Kathryn Kerensky 7:23
Thanks, wrestling. So we're going to talk a little bit about what these terms actually look like in terms of how they're defined. So as Russ mentioned, the Department of Education defines distance education. And we're going to go and see what that definition is, it seems like a simple definition. But there's really a lot to look at here. So it's defined distance education is defined as education that uses one or more of the technologies listed to deliver instruction to students who are separated from the instructor, and to support regular and substantive interaction between the students and the instructor either synchronously or asynchronously. So there's a lot of little points here in this definition, to understand and it's important to know a lot of these other terms are now defined. So you have to look at other definitions to fully understand this definition. In fact, only as of July of 2021, were some of these extra terms defined. So in 2021, the last set of the distance education, innovation regulations from the department went into effect. So these had updates to the definition of distance education. And most notably, the terms regular and social interaction were actually defined for the first time, they weren't previously defined. So what that meant is institutions essentially had to piece together guidance from the department in order to determine what is necessary for compliance. And it was very difficult to do that. And it could be a risky endeavor to be wrong. And this is because as Ross said, it's important to have RSI any distance education course, for purposes of financial aid. And given that this, this title of this session is about Ed Tech, and RSI and coexisting just one other definition, one to highlight here is about technology. So that's actually defined in terms of the technologies that can be used. Just wanted to note here, you can see the definition on this slide. I won't read all the points here. But there are really only minor revisions to the language when these updates were put out in 2021. And it was mostly just to update the types of technologies that are being used, and to remove some references to outdated technology. So you can see the updates here on this slide. We're happy to answer any questions, but do want to mention that, given the context of our presentation today, and then Ross, I believe I'll hand it back to you to talk about regular the definition of regular substantive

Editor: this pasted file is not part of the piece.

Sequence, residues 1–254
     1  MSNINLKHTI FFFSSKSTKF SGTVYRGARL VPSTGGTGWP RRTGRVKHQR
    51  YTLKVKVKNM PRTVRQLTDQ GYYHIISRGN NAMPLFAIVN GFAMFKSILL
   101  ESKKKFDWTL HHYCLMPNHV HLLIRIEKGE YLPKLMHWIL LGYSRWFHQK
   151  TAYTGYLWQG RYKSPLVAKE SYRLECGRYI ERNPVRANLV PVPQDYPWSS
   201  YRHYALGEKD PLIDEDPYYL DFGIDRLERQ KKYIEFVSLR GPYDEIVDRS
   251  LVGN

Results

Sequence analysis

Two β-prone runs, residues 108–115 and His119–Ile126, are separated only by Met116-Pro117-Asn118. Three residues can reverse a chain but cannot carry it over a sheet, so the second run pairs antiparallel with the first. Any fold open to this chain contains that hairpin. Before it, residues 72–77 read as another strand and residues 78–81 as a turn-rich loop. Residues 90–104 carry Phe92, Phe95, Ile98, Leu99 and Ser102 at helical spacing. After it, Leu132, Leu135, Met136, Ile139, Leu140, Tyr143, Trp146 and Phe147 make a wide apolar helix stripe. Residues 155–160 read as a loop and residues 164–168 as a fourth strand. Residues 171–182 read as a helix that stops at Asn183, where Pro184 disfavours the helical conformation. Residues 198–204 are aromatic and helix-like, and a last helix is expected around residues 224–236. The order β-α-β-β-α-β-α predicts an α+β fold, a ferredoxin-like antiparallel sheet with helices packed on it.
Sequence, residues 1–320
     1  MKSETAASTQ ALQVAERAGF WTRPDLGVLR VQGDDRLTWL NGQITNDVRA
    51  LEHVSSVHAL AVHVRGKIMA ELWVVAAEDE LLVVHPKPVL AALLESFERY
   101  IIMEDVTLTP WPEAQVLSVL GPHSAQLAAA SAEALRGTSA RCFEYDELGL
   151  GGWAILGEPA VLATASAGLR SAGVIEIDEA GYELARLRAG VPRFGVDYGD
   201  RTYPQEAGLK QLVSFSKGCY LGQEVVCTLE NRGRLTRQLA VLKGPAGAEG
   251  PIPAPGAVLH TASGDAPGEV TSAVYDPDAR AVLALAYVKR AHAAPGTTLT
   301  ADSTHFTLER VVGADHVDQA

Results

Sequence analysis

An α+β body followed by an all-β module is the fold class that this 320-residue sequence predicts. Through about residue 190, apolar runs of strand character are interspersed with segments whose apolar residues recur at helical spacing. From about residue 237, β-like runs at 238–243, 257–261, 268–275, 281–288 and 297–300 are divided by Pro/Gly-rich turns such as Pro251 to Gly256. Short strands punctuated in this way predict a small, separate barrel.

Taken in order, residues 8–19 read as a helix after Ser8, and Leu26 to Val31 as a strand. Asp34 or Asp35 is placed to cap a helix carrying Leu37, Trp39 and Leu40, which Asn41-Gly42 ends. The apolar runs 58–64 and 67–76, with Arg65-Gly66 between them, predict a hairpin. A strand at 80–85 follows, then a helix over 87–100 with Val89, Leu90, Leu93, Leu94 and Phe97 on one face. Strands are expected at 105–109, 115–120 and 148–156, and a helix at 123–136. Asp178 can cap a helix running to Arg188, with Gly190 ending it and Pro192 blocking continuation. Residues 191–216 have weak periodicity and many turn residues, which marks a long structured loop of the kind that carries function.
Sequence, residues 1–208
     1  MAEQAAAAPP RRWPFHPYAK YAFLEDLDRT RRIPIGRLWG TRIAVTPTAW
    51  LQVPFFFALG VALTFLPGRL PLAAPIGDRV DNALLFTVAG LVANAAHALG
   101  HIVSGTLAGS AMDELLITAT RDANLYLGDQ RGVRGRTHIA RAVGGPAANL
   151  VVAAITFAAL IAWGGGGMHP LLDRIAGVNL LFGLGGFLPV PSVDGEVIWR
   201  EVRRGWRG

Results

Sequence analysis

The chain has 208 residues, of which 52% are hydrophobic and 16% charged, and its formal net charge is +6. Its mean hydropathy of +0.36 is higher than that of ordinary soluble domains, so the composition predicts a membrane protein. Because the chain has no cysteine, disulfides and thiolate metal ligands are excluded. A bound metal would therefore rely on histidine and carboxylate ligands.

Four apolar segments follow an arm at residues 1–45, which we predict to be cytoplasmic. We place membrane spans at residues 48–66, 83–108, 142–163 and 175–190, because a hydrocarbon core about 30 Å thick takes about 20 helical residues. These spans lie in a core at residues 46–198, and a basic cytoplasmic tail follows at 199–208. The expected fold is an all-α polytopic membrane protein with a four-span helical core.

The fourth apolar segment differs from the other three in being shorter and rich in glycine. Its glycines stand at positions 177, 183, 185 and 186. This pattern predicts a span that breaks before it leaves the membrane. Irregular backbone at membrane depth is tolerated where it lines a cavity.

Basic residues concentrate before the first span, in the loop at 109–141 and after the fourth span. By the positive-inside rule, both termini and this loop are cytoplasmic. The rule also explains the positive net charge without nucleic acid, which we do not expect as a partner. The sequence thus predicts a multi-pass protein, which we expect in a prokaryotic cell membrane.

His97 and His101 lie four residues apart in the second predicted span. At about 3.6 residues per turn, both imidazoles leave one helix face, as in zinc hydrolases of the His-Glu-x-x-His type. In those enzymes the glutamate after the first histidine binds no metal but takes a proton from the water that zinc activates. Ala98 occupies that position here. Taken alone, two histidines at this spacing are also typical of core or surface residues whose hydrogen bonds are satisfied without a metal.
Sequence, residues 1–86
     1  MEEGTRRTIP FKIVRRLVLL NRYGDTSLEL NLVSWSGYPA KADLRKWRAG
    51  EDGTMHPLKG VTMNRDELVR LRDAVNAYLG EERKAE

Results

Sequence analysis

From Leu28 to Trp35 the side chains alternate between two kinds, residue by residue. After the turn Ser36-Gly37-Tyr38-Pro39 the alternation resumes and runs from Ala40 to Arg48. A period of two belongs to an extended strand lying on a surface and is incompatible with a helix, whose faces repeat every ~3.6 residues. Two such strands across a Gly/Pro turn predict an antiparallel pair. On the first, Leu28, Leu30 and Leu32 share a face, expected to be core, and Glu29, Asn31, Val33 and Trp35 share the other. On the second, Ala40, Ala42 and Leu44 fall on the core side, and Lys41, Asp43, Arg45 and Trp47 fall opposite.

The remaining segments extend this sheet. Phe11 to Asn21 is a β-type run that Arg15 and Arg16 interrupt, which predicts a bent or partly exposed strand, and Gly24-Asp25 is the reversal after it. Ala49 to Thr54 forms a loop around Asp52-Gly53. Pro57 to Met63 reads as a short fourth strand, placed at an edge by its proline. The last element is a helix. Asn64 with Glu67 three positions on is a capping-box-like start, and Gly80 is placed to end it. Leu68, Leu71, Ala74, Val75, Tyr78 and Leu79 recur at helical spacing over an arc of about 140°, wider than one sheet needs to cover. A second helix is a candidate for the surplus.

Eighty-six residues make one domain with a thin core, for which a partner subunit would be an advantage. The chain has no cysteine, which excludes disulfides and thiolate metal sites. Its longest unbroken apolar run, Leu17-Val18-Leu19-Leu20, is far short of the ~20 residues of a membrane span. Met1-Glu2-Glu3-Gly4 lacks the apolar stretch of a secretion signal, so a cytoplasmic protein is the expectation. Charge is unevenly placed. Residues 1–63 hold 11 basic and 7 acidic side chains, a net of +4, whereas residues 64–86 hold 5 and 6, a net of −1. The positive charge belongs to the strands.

Russ Poulin 9:50